TRIER. Covid infections continue to be high among hospital employees and patients throughout the region – and they’re getting higher still. In the Büderkrankenhaus hospital in Trier, the percentage of employees and patients who tested positive for Covid-19 has risen during the past couple of days. That means lowered capacities of hospital beds since Covid patients need to be separated from other patients and since employees who have contracted Covid cannot com to work. Because the lifting of most Covid restrictions in the coming weeks is likely to fuel the pandemic, it is to be expected that the situation in hospitals will remain tense.

“In order to ensure regular care for our patients as well as emergency care, we have decided, after careful consideration of all relevant aspects, that we will implement a stop of all visits, starting Saturday, March 19th, for the protection of our patients as well as our employees,” explained Markus Leinweber, director and chairman of the board of the Brüderkrankenhaus. “We are aware of the gravity of the decision, but we see it as inevitable in light of rising infections.”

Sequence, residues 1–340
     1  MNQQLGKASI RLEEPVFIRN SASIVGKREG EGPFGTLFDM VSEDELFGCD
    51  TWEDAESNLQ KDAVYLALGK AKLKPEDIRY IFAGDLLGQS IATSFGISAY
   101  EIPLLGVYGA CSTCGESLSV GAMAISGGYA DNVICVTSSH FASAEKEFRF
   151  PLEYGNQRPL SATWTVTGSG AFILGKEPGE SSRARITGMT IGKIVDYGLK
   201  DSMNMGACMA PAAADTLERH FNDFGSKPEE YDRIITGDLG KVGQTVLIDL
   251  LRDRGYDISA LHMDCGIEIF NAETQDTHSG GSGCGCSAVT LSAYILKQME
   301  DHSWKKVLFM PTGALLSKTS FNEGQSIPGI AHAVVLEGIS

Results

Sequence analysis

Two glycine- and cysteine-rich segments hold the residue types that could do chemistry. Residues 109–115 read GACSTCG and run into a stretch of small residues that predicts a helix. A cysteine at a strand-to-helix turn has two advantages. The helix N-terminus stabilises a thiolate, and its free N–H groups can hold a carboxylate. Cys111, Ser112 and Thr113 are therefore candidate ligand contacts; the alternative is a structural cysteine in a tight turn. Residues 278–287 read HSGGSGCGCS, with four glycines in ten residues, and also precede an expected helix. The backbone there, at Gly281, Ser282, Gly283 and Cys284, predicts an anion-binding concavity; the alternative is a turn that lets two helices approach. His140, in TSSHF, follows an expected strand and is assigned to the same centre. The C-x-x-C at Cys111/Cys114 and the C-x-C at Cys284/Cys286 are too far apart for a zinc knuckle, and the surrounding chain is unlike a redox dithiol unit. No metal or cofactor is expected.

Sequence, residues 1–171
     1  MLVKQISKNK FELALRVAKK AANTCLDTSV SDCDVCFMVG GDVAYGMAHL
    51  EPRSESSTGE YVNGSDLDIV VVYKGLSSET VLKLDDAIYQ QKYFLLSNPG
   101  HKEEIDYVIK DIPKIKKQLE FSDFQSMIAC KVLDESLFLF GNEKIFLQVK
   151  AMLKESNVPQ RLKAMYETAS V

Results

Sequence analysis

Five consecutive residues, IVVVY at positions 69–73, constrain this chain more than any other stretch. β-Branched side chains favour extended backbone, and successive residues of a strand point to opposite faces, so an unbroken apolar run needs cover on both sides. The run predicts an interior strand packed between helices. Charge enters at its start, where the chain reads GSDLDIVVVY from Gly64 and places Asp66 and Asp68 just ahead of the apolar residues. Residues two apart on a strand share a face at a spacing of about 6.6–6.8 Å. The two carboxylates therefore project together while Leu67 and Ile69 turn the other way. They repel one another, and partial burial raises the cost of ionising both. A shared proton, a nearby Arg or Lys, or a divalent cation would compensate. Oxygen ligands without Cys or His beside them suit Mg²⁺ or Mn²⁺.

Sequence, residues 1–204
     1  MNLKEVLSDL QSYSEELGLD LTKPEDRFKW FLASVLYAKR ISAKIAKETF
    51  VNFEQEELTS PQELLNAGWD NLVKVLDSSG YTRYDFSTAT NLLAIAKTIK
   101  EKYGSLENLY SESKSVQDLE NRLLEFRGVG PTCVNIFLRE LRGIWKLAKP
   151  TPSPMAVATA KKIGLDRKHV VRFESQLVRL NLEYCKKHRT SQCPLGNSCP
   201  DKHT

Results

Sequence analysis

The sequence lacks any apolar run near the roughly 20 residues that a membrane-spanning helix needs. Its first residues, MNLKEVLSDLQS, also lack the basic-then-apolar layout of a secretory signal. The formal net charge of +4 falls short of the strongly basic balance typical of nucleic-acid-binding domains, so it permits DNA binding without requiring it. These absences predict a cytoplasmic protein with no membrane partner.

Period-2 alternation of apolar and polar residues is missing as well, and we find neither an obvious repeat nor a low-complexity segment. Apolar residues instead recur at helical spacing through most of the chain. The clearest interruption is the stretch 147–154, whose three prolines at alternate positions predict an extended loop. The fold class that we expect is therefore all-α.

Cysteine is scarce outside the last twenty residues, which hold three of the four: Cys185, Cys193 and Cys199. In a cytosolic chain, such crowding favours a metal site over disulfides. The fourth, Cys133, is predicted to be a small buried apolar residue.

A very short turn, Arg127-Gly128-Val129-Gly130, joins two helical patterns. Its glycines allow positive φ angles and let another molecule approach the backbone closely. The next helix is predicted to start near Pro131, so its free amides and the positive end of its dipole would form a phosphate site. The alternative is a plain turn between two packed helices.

Exceptions will only be made based on individual consultations and only for specific groups of patients. “Knowing how important it is to be able to receive visitors during a stay in hospital, the decision wasn’t easy for us. That’s why we are keeping the option of visits based on prior individual consultations open,” says Leineweber.

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SATURDAY, March 19th: PAIN AT THE PUMP – AGAIN

New Diesel Shock: Gas Prices in Luxemburg Are Skyrocketing Again

A gas station in Luxemburg. Image: Thomas Frey/dpa

LUXEMBURG. Gas prices in the Grand Duchy of Luxemburg have risen significantly again, after a short period of relief. Once again, diesel is particularly affected.

Exactly one week ago, gas prices plunged in Luxemburg (see here), after having risen on Thursday before, leading to massive traffic jams at gas stations in Luxemburg. But the relief didn’t last long.

Last night, the price for a liter of diesel rose by 13.5 cents to 1.762 Euros. The price for Super 95 gasoline rose to 1.678 Euros per liter (plus 2.2 cent), the one for Super 98 gas to 1.75 Euros, i.e. 1.3 cents more (no guarantee on prices).

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Vorheriger ArtikelNeue Umwelt-Sauerei: 60 (!) Altreifen auf Wanderweg entsorgt
Nächster ArtikelLockerungen: Diese Corona-Regeln gelten weiter in Rheinland-Pfalz